The lush landscapes that showcase Kyrgyzstan’s greatest treasures -- from its pristine lakes to rugged red hills -- highlight the dual character of the film. On the one hand, it can be used to attract foreign tourism by highlighting the country's geographic riches, while the film's beauty also reifies the attachment of Kyrgyz to their own land.
Bolstering such patriotism is crucial, especially when the government is funding the most expensive film in its history even as large swaths of the country remain without basic resources like gas or electricity.
Kyrgyzstan’s “southern capital” of Osh has been without gas for more than half a year, and winter is nigh. The current levels of electricity will not be sufficient to sustain the heating and cooking needs of the most densely populated corner of the country.
So far, the financial gamble has proved successful, as the film has moved audiences both in Kyrgyzstan and abroad. At a recent screening at the Harvard School of Law, the largely Central Asian audience offered lavish praise for the director, Sadyk Sher-Niyaz, and lead actress Elina Abai Kyzy, who were both in attendance.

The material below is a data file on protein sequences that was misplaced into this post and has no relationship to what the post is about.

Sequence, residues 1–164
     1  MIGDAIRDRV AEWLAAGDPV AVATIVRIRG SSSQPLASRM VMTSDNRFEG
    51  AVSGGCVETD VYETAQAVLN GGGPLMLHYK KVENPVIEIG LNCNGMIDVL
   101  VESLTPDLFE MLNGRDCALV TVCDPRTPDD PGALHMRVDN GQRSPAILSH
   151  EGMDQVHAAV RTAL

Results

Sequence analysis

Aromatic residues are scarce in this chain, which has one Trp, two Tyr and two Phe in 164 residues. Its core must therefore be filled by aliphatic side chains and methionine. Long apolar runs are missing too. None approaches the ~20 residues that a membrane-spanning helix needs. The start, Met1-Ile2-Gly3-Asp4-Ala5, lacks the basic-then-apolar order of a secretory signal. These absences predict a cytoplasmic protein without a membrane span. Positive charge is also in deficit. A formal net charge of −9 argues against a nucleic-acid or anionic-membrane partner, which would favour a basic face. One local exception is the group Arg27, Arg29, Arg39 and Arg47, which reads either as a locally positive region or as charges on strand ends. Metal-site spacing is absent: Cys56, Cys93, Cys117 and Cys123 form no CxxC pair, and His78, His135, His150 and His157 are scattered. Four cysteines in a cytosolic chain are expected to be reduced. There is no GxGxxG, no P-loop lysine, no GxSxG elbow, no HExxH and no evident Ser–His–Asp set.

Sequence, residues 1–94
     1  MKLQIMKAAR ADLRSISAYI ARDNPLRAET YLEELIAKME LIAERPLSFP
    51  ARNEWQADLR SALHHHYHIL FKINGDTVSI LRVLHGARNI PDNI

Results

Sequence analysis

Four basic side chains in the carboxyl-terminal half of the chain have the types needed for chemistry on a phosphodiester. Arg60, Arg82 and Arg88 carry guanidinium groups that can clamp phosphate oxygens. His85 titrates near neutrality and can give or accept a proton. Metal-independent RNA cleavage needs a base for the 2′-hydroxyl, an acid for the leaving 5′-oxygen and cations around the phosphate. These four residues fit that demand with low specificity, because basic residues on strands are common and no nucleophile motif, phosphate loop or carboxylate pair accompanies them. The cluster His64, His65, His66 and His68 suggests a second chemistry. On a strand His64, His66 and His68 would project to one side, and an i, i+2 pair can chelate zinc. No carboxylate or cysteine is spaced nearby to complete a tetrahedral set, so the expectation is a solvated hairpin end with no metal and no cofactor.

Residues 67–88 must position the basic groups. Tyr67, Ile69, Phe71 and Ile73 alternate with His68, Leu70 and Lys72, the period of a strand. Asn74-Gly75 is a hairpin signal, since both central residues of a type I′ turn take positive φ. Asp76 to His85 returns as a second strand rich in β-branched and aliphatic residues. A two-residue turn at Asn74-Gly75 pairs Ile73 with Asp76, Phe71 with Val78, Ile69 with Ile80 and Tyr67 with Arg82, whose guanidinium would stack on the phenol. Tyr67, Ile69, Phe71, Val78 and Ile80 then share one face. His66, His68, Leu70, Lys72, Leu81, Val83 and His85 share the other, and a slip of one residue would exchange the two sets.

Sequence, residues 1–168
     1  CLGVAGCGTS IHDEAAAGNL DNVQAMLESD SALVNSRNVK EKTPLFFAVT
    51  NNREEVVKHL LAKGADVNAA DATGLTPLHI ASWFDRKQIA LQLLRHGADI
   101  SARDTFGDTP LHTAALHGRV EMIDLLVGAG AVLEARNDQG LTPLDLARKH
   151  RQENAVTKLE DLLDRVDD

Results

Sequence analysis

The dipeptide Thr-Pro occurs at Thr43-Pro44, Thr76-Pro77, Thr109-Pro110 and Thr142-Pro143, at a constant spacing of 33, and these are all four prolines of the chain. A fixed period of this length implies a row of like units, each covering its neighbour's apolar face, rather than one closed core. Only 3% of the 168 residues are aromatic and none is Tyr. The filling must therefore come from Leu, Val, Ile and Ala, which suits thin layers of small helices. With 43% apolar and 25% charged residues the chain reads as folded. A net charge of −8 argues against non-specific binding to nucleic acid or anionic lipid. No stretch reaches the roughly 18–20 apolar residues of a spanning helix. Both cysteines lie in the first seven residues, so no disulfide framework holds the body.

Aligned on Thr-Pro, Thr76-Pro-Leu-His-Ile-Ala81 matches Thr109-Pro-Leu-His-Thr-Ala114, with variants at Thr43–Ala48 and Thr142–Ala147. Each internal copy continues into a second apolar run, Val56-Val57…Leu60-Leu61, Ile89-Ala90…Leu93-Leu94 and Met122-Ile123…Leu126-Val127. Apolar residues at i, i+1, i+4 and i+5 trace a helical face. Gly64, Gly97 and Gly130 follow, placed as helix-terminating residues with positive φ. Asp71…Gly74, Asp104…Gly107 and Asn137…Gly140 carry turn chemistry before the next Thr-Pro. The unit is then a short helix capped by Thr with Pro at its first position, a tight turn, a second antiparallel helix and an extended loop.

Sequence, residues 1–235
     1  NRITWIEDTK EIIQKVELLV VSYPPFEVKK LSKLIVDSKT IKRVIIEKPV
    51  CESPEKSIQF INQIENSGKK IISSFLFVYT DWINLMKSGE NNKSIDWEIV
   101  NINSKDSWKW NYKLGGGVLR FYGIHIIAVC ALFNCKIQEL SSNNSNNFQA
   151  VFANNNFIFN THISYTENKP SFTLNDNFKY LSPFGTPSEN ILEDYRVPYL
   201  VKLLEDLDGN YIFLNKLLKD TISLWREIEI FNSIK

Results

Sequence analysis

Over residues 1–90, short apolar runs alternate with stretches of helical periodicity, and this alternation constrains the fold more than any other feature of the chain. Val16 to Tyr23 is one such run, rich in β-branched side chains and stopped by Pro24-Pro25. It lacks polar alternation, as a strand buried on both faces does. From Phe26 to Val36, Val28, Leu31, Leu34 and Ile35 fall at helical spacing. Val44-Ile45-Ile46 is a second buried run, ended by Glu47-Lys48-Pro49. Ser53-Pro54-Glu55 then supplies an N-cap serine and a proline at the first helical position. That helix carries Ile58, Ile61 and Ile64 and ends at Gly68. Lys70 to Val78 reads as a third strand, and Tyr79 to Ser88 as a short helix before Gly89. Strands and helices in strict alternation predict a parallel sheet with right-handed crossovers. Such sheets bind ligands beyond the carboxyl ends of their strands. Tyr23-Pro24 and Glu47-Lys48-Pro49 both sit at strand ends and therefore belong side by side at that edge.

Despite attempts to prod Sher-Niyaz into discussing his film's geopolitical implications, he refused all attempts to read between the lines and insisted on the film’s complete historical fidelity.
As the riveting plot and dramatic scenery intertwined, the two sides of the film revealed themselves. In Sharon Stone’s version, Kyrgyzstan is introduced to the world -- an “unknown land,” as the official video to promote the nation self-consciously addresses its marginalized global status. Then there was the sense of pride that one young Kyrgyz girl in the audience described by saying, “Other people wouldn’t understand, but I feel this movie in my heart.”
Speaking in Kyrgyz, what she meant was, non-Kyrgyz people would not experience the film at the same emotional level that she had.
Nevertheless, the film has something for everyone because it fulfills our innermost longings: to flee to a far-off place of stunning beauty, or to find out that it was home all along.
-- Emily Canning
Emily Canning is a doctoral candidate at Brandeis University who is currently writing her dissertation on language and ethnic identity in southern Kyrgyzstan. She conducted 20 months of ethnographic fieldwork in Osh, which culminated in a Fulbright fellowship from August 2012 to June 2013.